Ministers Split Over Coronavirus Policy

YERUSHALAYIM -
israel coronavirus
Minister of Health Yuli Edelstein at a press conference on the coronavirus, Sunday. (Olivier Fitoussi/Flash90)

Government ministers are split over the proper response to the apparent second wave of coronavirus, with health officials pressing for renewed restrictions while others in the Coronavirus Cabinet are resisting, citing the economic crisis, according to leaks reported in the Israeli media on Sunday.

Health Ministry Director-General Chezy Levy faced a ministerial wall of opposition to recommendations to limit public gatherings, including a reduction of the permitted number of wedding participants from 250 to 50.

“If the current trend continues without drastic measures, we will lose control of the pandemic and there will be hundreds of dead,” Levy was quoted as saying.

Interior Minister Rabbi Aryeh Deri reportedly branded them as “excessive demands … No further steps are needed. You have to learn to live with the coronavirus.”

Science Minister Izhar Shay reportedly interrupted Levy’s presentation at one point, saying, “We are being dragged into irrational decisions. The data processing is lacking.”

Health officials showed that they were not oblivious to the economic situation. Prof. Itamar Grotto, deputy director general of the Ministry of Health, said Sunday morning on Army Radio that “a general shutdown is currently out of the question; many steps can be taken to prevent it.”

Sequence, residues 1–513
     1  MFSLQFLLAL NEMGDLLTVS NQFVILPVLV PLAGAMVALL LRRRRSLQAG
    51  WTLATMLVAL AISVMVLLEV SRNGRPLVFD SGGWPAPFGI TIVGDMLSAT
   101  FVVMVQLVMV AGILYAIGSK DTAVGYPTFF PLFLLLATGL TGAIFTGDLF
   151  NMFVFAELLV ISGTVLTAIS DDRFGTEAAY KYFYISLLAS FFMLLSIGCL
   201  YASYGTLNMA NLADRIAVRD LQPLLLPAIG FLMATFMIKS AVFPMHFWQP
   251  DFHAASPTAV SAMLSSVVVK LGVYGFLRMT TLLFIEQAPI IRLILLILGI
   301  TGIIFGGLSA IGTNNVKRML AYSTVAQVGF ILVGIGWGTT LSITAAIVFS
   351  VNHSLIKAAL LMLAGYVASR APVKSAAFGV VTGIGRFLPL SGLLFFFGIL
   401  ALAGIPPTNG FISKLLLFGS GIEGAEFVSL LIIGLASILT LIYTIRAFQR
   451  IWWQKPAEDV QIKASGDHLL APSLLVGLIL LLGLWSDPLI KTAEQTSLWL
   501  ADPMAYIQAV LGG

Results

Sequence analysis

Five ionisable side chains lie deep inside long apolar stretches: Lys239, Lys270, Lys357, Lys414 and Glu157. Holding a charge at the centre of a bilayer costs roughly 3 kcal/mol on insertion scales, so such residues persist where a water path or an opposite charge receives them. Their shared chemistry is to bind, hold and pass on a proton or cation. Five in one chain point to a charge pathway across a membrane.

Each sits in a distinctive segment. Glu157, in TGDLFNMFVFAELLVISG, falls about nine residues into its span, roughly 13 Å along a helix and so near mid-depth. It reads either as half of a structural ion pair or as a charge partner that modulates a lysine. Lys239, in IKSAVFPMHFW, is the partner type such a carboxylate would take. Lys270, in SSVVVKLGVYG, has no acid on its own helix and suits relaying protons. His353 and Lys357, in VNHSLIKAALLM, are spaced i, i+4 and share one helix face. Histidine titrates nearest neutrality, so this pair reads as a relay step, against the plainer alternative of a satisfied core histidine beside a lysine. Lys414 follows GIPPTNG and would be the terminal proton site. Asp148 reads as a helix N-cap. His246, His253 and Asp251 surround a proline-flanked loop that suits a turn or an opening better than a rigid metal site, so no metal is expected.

Education Minister Yoav Gallant was quoted as objecting to a proposal to limit summer campers: “I serve the country by allowing one million children to be responsibly supervised while parents go to work,” he reportedly said.

Health Minister Yuli Edelstein reportedly said, “I ask that ministers not only say ‘no’ but also offer alternatives.”

Gallant was asked to present a plan on Monday that would allow the camps to operate safely without a return to small groups.

The issue of restrictions on gatherings was left for further deliberation on Monday.

However, Prime Minister Binyamin Netanyahu ordered that contact tracing of coronavirus patients be reduced to 48 hours, and virus testing — from when a request is filed until results are completed — to 12 hours, to break chains of infection.

In addition, the Prime Minister’s Office said that the Cabinet discussed the possibility of reducing public sector work to 30 percent from home as well as increasing enforcement.

At a press briefing on Sunday, Edelstein said the seriousness of COVID-19 should not be underestimated. “This isn’t just flu — this is coronavirus. It’s dangerous to be a populist right now. I’m not willing to engage with people who say, ‘What are you causing all this panic for? So what if a few old people die.””

Edelstein condemned what he described as a “populist competition” to downplay the severity of the virus.

“Anyone saying such a thing should imagine to himself that it’s his own grandfather or grandmother he’s talking about,” he stated.

Meanwhile, a person who rode a train last week tested positive for the coronavirus, in what appears to be the first such case since Israel Railways resumed service last week after a three-month shutdown.

According to the Health Ministry, the man got on a train on Monday, opening day, in the southern city of Be’er Sheva on June 22 at 3:30 p.m., and disembarked in Sderot at 4:30 p.m.